Like Dawn in We All Will Be Received, Niki wants to disappear – maybe not forever, but for a while. She has moved to Barcelona to be with Peter, but Peter has changed his mind about their arrangement and Niki is devastated. She leaves with nothing but her coat and wanders the city; the city she had, such a short time ago, been so excited to be part of.
Soon, she’s a part of it in a way she hadn’t expected.
On her website, Becky Blake explains how this novel came to be, and ends by saying: “Proof I Was Here takes place on the streets of Barcelona and includes many of the things that intrigued me most about the city as I got to know it: the pick-pockets, the graffiti artists, the squatters, the Catalan separatists. Told through the eyes of a Canadian woman who is recovering from a loss by apprenticing as a thief, Proof I Was Here is about two Barcelonas: the beautiful tourist destination, and the less photogenic reality underneath.”
I was fascinated by the ‘underground’ world of Barcelona and how, at times, it rubs up against the touristy parts. When Niki meets Manu, she decides to stick with him – she’s drawn to his quiet, non-judgmental nature. But she soon learns the difference between Manu and herself – she has the freedom to leave the streets, while Manu and his group of eclectic friends do not.
I shared her curiosity about people; she wondered about them – what their stories were, how they got where they are now. Manu and his street friends had sobering stories to tell.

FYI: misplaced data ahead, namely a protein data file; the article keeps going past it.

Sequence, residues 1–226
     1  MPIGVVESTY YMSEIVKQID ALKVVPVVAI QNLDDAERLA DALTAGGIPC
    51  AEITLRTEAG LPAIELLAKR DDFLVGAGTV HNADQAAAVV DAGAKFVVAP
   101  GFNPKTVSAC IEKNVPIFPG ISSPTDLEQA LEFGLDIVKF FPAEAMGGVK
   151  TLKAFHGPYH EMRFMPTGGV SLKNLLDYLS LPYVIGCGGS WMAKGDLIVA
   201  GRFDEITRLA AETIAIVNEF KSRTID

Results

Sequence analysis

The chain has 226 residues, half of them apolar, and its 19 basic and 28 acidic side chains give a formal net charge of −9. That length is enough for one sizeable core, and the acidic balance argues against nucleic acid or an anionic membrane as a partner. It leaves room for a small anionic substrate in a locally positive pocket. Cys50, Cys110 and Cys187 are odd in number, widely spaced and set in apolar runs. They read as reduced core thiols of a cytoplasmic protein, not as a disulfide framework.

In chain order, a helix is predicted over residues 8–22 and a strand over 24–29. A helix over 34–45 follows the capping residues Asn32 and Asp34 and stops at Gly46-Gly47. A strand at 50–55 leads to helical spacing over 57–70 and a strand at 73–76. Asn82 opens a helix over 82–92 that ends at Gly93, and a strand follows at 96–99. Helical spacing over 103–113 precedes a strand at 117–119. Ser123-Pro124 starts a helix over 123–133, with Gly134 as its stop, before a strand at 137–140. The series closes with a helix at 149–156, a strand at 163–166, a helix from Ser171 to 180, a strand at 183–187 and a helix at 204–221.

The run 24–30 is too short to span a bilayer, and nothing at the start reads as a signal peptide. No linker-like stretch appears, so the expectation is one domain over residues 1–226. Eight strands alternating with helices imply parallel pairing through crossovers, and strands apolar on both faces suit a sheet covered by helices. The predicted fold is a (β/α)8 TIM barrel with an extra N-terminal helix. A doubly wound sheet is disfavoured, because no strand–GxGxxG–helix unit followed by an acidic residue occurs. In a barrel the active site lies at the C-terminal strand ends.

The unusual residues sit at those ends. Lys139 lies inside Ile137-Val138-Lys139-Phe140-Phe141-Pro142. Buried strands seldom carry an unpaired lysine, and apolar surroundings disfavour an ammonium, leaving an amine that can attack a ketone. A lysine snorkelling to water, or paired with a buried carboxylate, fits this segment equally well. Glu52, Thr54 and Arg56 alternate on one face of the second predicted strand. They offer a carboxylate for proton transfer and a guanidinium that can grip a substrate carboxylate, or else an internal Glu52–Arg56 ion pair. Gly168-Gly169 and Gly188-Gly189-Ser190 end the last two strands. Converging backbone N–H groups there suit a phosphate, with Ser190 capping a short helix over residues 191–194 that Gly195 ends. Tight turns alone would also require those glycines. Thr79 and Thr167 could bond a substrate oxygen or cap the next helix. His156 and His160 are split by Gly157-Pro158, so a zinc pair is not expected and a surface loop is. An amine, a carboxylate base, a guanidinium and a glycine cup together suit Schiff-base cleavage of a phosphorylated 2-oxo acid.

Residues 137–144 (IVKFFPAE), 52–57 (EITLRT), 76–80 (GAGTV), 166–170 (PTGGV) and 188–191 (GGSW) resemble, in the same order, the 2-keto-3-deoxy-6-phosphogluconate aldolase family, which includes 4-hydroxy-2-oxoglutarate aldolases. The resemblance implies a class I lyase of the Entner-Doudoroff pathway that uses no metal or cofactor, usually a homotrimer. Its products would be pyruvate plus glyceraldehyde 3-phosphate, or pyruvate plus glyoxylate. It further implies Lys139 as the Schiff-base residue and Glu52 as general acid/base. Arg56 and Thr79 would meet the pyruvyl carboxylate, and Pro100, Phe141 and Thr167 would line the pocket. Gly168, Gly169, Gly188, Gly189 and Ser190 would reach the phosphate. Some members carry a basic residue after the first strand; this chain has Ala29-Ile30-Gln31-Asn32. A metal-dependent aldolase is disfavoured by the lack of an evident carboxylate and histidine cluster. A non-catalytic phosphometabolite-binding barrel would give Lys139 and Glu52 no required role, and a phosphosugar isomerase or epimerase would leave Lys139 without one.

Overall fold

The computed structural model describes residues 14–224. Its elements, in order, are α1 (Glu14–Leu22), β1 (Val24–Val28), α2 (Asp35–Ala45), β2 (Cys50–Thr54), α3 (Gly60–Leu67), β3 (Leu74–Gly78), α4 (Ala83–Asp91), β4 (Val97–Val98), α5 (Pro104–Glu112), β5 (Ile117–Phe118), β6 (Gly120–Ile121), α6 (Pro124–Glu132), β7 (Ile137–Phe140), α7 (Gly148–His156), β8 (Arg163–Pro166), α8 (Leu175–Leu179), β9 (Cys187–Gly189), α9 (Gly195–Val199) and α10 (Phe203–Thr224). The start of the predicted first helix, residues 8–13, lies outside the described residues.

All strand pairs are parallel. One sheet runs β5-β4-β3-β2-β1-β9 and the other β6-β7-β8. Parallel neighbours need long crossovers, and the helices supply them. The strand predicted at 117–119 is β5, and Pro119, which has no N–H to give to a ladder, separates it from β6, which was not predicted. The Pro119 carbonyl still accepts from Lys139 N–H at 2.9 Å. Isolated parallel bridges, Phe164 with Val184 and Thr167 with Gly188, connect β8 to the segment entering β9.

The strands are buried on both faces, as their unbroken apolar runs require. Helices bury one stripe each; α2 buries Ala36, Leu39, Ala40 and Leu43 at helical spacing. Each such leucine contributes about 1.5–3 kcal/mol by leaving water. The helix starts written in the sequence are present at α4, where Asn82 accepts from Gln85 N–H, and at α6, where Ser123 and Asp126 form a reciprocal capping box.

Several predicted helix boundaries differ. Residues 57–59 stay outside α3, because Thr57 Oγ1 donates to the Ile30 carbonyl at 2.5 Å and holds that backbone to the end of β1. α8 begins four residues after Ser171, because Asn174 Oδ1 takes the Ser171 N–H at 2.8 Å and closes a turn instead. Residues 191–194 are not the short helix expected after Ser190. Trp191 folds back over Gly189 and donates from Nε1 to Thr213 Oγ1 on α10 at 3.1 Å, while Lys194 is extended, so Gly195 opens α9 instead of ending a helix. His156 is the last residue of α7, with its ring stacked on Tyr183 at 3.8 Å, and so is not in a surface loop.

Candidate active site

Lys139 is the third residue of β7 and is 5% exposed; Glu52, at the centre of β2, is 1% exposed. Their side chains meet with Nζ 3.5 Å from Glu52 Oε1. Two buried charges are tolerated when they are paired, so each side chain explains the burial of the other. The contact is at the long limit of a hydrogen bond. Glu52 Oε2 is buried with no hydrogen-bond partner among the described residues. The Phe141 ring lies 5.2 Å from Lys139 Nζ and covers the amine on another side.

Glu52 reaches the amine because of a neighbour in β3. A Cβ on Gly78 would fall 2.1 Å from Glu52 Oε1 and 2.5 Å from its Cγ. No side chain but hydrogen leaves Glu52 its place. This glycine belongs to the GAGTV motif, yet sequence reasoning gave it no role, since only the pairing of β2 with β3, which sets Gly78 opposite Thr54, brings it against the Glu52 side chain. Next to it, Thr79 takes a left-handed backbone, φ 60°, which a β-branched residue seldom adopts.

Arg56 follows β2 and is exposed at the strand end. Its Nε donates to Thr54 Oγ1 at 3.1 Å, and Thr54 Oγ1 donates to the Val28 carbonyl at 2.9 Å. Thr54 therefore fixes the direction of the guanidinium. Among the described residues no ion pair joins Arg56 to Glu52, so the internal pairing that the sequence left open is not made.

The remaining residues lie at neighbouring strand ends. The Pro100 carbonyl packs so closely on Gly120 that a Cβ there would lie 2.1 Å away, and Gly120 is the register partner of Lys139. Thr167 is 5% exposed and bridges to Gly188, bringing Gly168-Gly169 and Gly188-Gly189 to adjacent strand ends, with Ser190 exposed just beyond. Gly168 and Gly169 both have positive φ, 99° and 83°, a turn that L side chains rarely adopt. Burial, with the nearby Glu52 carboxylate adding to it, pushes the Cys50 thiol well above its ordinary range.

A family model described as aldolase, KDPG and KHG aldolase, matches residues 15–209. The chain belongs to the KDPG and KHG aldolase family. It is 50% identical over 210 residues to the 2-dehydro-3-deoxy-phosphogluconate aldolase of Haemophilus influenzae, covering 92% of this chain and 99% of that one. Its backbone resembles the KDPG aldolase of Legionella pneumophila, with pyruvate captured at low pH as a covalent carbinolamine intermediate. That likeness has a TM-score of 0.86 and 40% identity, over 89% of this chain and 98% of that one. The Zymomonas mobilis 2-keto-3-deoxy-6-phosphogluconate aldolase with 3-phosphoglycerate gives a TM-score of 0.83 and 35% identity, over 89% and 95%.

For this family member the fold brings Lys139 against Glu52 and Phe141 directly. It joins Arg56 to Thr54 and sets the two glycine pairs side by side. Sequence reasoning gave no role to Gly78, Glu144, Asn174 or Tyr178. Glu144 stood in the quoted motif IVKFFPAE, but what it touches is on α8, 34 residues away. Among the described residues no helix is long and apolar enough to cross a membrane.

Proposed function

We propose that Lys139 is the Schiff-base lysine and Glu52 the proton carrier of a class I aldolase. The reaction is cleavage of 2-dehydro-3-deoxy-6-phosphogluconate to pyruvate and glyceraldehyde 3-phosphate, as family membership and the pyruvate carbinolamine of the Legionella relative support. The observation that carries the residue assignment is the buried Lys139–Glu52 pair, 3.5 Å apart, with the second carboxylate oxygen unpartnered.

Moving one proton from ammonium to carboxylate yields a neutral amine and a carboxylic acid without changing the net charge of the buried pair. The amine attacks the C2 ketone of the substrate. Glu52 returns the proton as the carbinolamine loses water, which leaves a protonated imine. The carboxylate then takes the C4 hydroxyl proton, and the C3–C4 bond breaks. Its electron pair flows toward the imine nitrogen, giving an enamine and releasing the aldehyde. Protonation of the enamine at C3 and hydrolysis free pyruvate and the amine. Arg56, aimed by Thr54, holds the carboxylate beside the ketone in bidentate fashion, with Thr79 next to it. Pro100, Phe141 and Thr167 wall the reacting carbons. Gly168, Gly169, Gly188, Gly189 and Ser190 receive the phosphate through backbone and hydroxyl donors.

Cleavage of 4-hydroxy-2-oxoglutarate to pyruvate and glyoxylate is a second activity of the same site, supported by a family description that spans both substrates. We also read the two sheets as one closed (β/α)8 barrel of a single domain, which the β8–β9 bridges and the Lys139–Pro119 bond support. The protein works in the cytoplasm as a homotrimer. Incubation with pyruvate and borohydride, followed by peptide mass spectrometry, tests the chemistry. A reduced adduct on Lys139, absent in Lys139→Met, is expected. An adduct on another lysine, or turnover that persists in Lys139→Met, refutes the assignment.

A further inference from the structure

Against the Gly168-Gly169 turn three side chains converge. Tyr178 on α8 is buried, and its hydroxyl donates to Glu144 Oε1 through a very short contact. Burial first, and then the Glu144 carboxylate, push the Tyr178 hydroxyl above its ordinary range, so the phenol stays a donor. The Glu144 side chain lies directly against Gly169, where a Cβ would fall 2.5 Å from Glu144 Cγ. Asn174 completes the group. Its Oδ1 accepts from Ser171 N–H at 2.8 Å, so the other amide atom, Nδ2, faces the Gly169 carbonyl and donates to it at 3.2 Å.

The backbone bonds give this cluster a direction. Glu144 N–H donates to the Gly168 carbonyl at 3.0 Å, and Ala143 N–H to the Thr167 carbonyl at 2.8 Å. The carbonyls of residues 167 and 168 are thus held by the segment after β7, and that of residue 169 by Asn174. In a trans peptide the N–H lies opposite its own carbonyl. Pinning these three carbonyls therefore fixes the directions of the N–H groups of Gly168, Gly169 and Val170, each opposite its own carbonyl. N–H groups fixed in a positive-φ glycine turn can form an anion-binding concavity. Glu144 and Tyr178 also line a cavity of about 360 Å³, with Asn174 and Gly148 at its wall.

For a while, Niki joins the squatters, who call themselves “freegans” (“It just means we try to live without money. Dumpster diving for food and other things we need.“), before, finally, she gets involved with a group of graffiti artists.
The city seemed to have layers that became saturated with detail once I noticed them. First, it had been street people, filling the corners like swept-up piles of trampled flowers. Then half-open purses and bags had appeared, their most valuable contents rising to the top like cream. Treasure in the garbage had popped up next, and now, as I walked back to the squat […], the neighbourhood was overflowing with graffiti: colourful tags and stencilled images, quotes and slogans, declarations of love. The styles of different artists wove through the streets leaving trails I could follow.
And does Niki continue to follow those trails on the streets of Barcelona? Or will she go back to Peter? Maybe home to Canada where she has some unfinished business? Or, with her new street skills, go somewhere else entirely?
Living on the street, there was no real way to keep things, no way to mark them as yours. You just had to enjoy them while they were there. At dusk, before leaving the courtyard, I wove the stem of the rose through the wooden slats of a park bench and left it behind. Manu had bought me a rose. I no longer had any proof, but that didn’t mean it hadn’t been a very lovely thing.
A good line: “The cut on my cheek was throbbing like there was something behind it trying to escape.”
What books have you read about ‘disappearing’ women?